How Survivor SA drew inspiration from sci-fi shows for this season's tribal council design

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Survivor SA: Return of the Outcasts.
Survivor SA: Return of the Outcasts.
Photo: M-Net
  • DStv subscribers got their first glimpse of the Tribal Council area in Survivor SA: Return of the Outcasts on M-Net (DStv 101) in the latest episode.
  • The design this season plays on the idea of a sacred, abandoned village.
  • "We took earth, wind, fire and water and basically built the entire production season's look and feel around those elements," says co-executive producer Leroux Botha.

DStv subscribers got their first glimpse of the latest Tribal Council area in Survivor SA: Return of the Outcasts on M-Net (DStv 101) in the latter part of Tuesday night's second episode: A design creation playing on the idea of a sacred, abandoned village, where the wind has over years worn it down and with the elements taking their tolls amidst crystals glowing softly.

"The overarching theme of this season is the elements," Leroux Botha, who is co-executive producer, creative producer and series director, tells Channel24.

"We took earth, wind, fire and water and basically built the entire production season's look and feel around those elements, taking quite a lot of little pinpricks from different science fiction tropes."

"There are a lot of sci-fi tropes built into Survivor South Africa: Return of the Outcasts, so if you're into that - for instance the voting urn is based on a Goa'uld pyramid ship from Stargate SG-1 and you'll see a lot of the Star Wars Tatooine sand people in terms of the camera huts at Tribal Council," he says.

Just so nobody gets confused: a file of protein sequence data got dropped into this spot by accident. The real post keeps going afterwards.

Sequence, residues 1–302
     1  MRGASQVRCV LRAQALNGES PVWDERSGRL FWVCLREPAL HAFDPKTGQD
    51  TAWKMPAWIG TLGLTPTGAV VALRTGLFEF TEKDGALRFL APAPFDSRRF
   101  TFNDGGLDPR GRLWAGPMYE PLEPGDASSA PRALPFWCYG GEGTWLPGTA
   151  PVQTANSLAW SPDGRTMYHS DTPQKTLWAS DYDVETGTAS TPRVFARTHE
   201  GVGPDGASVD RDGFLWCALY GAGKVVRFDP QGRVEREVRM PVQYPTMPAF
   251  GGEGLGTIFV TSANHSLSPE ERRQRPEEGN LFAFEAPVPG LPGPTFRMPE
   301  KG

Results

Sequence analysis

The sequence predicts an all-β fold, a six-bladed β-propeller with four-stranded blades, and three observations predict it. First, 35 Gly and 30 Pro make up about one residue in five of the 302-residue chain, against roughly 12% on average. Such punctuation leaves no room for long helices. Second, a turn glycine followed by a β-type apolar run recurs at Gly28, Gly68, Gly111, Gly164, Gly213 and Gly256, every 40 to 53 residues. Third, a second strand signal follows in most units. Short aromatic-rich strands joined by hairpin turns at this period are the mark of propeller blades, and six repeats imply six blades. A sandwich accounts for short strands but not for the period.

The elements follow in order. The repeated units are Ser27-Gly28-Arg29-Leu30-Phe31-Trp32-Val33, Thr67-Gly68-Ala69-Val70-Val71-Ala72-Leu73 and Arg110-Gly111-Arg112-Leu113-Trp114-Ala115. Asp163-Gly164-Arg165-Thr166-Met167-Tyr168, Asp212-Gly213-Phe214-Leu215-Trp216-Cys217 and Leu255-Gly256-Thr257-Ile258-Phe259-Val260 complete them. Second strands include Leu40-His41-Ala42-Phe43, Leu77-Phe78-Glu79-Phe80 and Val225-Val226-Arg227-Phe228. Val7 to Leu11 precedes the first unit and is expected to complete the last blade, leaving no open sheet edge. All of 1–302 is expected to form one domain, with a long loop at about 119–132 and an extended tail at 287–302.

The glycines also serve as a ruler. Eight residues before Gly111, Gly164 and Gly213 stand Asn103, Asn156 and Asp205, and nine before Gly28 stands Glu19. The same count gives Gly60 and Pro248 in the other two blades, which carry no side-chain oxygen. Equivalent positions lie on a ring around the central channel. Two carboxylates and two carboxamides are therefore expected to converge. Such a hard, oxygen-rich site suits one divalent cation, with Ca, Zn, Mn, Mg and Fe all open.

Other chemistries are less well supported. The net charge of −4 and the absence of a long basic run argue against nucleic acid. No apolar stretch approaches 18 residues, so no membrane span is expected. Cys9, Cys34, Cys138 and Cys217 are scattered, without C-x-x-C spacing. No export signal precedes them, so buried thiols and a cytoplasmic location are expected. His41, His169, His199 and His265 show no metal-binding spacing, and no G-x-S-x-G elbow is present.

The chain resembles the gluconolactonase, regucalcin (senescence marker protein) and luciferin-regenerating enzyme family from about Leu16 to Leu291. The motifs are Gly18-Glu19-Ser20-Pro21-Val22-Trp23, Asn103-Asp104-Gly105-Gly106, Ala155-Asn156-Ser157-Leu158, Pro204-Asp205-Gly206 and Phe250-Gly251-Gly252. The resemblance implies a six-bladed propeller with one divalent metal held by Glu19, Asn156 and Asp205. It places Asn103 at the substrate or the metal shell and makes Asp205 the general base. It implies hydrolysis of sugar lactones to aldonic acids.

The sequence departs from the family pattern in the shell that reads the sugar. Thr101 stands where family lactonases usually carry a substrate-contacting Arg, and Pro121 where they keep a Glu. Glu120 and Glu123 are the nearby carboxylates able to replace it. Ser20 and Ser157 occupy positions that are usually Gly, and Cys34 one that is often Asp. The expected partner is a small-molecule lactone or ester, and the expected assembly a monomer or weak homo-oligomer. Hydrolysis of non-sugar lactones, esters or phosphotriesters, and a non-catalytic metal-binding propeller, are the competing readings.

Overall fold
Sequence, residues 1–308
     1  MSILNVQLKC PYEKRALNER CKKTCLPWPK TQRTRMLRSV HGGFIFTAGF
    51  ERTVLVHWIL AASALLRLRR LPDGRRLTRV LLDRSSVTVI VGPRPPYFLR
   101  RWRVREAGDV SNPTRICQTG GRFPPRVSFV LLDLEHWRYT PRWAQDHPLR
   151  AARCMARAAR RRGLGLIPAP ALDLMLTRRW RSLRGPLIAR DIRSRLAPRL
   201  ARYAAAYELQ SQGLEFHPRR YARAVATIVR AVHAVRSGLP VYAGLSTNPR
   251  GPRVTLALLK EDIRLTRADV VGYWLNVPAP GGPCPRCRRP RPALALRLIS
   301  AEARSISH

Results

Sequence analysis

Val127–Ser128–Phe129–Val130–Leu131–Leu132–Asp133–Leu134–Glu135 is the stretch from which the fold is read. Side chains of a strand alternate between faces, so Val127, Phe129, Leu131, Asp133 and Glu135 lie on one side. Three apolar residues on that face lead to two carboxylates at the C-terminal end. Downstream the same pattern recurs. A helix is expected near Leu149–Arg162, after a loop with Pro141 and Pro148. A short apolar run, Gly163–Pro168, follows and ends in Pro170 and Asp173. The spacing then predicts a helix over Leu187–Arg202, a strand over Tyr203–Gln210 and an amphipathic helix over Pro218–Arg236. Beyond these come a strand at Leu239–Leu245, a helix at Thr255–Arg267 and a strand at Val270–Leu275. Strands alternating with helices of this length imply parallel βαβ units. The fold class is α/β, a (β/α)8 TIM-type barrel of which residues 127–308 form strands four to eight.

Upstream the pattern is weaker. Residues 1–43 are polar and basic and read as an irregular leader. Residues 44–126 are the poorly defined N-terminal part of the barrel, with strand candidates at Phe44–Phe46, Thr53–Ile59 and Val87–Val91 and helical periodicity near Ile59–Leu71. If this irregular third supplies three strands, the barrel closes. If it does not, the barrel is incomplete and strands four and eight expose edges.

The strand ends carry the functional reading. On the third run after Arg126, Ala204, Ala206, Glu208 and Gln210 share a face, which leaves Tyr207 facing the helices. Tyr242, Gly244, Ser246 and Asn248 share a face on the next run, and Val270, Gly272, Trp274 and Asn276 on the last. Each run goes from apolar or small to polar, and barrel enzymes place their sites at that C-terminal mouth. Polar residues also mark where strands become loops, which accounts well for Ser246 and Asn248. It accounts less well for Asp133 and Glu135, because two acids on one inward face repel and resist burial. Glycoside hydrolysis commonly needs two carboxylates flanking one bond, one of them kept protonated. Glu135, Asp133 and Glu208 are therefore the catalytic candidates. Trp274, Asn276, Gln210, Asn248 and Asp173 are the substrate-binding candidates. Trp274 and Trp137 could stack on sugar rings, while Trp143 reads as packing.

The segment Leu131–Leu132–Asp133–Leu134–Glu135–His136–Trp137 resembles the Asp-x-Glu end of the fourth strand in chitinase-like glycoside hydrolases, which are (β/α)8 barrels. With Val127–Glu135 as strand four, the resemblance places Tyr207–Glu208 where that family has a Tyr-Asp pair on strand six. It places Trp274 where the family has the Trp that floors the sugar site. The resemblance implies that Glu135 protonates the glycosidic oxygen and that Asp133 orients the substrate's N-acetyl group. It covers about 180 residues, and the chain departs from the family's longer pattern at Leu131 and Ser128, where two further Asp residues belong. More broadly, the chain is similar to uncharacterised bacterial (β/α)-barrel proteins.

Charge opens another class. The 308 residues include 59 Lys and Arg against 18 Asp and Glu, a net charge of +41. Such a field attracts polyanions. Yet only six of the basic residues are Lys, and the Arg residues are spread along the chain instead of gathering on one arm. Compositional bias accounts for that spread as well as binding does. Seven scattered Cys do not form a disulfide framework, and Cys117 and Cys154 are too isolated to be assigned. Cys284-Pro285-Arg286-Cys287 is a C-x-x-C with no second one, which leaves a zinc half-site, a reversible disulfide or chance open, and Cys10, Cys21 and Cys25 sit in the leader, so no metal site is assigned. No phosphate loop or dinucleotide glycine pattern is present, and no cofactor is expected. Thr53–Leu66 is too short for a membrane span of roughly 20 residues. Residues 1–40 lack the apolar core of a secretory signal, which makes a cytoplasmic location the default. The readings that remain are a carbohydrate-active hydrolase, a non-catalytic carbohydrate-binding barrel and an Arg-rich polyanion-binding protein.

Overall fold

"In the first challenge you'll see a type of Star Trek Klingon bat'leth built into one of the challenges. We play around a lot with sci-fi tropes this season from which we draw inspiration for the Tribal Council area because it's never been done before – it's either a fishing village or a kraal last season."

"In terms of the production design we had a lot of fun. Later on DStv subscribers will see, for the Tribal Immunity Idol we took some inspiration from Dungeons & Dragons – and later with the Immunity Necklace holder inspired by Magic: The Gathering."

"So there are quite a lot of little sci-fi tropes which pop through the entire season. It basically started with the entire idea of playing with four elements and The Fifth Element is one of my favourite movies, so we played around with all of those things in the production design this season."

There are a lot of sci-fi tropes built into Surviv
There are a lot of sci-fi tropes built into Survivor South Africa: Return of the Outcasts.

Handrie Basson, Survivor SA co-executive producer, says the location itself on the Sunshine Coast in the Ndlambe municipality in the Eastern Cape province was also an inspiration.

"From the first recce's that we did last year – because it's still the same province in South Africa, the landscape is quite different between the Wild Coast and the Sunshine Coast. There's a particular area that we utilised for our big challenges where you would see these protruding rocks coming out of the soil – whether it be uncovered soil or grass-covered soil."

"These almost represent mini-monolith in different shapes and sizes. At a glance, for someone who is not as au fait with the various sci-fi genres and all the little easter eggs that Leroux and his team planted, it felt to me like a foreign landscape. It feels like this is something that could be prehistoric."

He adds: 

You will see at the Tribal Council area there are throwbacks to monoliths and it looks like these rock pillars coming from the earth. That is definitely not only because of the inspiration and creative licence that the art direction took but also because it speaks and echoes the environment itself.

"Survivor is always tropical and beach and there are a lot of those elements as well but what was really interesting this time as well and to differentiate it as well from the two seasons is that we have these rocks just there and we amplify those in the construction that we did."